It all began when my brother gave me a camera for my birthday. It was a 35mm SLR, a Ricoh. I was in my twenties. I started to learn how to shoot with that camera and then I hooked up with a professional photographer who was a recent graduate of the School of Visual Arts in Manhattan. He showed me how to handle film and compose, and we went out shooting a lot together and we’d spend hours upon hours in his dark room developing and printing.
I used it as a tool to help me write. I’m a visual thinker and I loved the dark room, watching images appear in the developer ‘under-water’ as it was like a dream rising to the surface. You can’t have that experience with digital photography, and seeing everything through negatives, the black and white reversed. And because it is black and white it is abstract, removed from reality.
George Tice, my mentor in photography, said to me (and I quote), “Photography died when Kodak stopped making black and white paper.” I get his point. There are young photographers now who have never seen a dark room.
Can you explain the chronology of Between Frames? Where did you pull your inspiration from when writing your poems?
Some poems in Between Frames go back twenty years, while others are from last year. My inspiration came from different sources, from other poets I admired and from photographers I admired. George Tice’s photographs inspired several of the Paterson poems, as did Gerald Stern’s poetry from his early books. The poet Ted Berrigan also inspired me. Coleridge is an influence, his conversation poems with Wordsworth. I wrote a master’s thesis on Coleridge and I was obsessed with him as a poet and as a critical writer on poetry. He wrote incredible poems about not being able to write. I love the terror in his mind and the pure fantasia. He is my favorite British Romantic.
How has living in New Jersey shaped your creativity?
The best part of being from New Jersey is being near New York City. Witho
ut the planetary gravitational pull of that lodestar, one of the greatest cities in the world, New Jersey would be the Midwest. To people living in Manhattan, it may as well be the Midwest. It shapes our culture and gives us our edge. We are a commuter state. But there are other reasons why I like New Jersey. I love the way it changes and diversifies from the highlands to the piedmont to the coastal plain, from rocky mountainous wooded terrain dotted with lakes to the gentle rolling hills of Central Jersey, to the flat, sandy-piney coastal plain and finally the ocean. We’re a peninsula surrounded by water divided and separated by rivers and ocean.
New Jersey is the most urbanized state in the country. Gerald Stern told me that Newark is our only real city and I understood his meaning. Newark has a major seaport, a major airport, and a major train terminal and is large enough to contain itself. Our other main cities are cut off. But I like urban desolation, the remaining mill and factory buildings of our industrial rust belt economy now defunct. They remind me of the ruined abbeys in England that are left standing. And they should not be torn down because they are part of our reading there in October at the Dodge Poetry Festival. It moved there two years ago and I was happy that it did. I liked it when it was at Waterloo Village out in western Warren County, but having it in Newark gives it an urban edge.
Who are your peers and colleagues who have been most influential in your experiences with NJ Poetry?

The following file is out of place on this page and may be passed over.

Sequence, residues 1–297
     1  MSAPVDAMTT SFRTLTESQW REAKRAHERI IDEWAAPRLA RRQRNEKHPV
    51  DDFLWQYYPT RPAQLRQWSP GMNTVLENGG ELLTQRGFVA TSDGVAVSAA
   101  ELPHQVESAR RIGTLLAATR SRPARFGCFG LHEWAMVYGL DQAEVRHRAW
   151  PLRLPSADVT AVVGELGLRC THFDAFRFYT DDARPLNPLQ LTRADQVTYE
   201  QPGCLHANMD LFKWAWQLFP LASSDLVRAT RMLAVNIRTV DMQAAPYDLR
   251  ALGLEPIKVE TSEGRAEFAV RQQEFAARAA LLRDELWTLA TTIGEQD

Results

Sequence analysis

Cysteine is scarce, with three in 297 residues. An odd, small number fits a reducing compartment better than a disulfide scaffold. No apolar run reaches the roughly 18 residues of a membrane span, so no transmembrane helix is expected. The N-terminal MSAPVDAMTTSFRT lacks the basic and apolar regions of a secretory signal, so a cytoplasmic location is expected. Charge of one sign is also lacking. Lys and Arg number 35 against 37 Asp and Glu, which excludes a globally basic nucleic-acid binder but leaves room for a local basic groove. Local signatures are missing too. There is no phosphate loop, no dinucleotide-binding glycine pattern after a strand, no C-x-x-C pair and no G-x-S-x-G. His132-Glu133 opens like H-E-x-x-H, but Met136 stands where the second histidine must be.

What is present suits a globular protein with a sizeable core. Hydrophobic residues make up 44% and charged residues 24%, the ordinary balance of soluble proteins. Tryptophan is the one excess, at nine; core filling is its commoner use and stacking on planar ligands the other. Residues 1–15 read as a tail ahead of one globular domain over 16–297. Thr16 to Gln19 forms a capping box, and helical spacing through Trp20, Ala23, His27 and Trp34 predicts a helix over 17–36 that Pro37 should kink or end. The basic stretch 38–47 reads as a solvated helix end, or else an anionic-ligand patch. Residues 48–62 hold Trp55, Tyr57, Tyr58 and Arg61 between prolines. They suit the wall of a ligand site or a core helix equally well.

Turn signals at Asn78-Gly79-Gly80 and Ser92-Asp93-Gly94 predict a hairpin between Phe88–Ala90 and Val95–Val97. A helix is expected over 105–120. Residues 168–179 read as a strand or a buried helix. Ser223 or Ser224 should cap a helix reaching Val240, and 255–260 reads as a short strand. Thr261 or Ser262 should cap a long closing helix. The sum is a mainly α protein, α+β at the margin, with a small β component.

Gerald Stern has written great poems set in New Jersey in his early books such as The Pineys, his long meditative poem about this vast wilderness called the Pine Barrens just east of Philadelphia, and he describes it as being part of the collective unconscious in our history as we pioneered and laid grids for cities and towns, which is the conscious mind trying to overlay what lies beneath. When you fly over New Jersey, it is the only dark area on the ground. Of course, William Carlos Williams is very influential. I did a year-long project writing and photographing the Lower Passaic River that was commissioned by the American Poetry Review. The editor, David Bonnano, asked me to write him something about the Passaic. I thought a good thing would be to trace the locations mentioned in Williams’s 1938 collection of short stories, Life along The Passaic River, which was published by New Directions. I have a first edition of the text, and I read and reread the stories looking for clues and finding that Williams being a doctor was very specific in mentioning places and street names.
So I tried to follow the old roads that Williams took as he went on his house calls in cities and towns along the Passaic, such as Wallington and Passaic and Garfield and Rutherford and Lyndhurst. I paddled canoes and kayaks up and down and took photographs of the river at different spots in different seasons and in different weather and I interviewed dozens of people close to the river. I got some poems out of it, too, like the poem “At the Arlington Diner,” which is in my new book. The poem grew from doing the photo-essay.
As a poet, what is the message you are trying to convey to readers?
I don’t think that my poetry has a particular message to give. I hope it gives readers pleasure. I try to exorcise some demons, expiate some guilt, and I try to locate my feelings within those poems. It is as if I can point to them and say ‘that is how I was feeling, that was what I felt, what I experienced and lived through.’
Given that, what is the main message of Between Frames?
That is a tough question to answer. I tell my students never wish away time. I tell myself the same thing. I want to pay attention to certain things, to appreciate them. It is also why I love photography. It is the only way I know to stop time. I told George Tice once that I wanted to come back and photograph something I had seen and he said that it might not be there when you go back. And he was right. It amazes me how quickly things change. People and relationships with family and friends is the most important aspect of living. How we see ourselves is another. I have poems that question the nature of things, the nature of identity. It is a philosophical problem, sometimes a psychological problem, but it comes up in my poetry.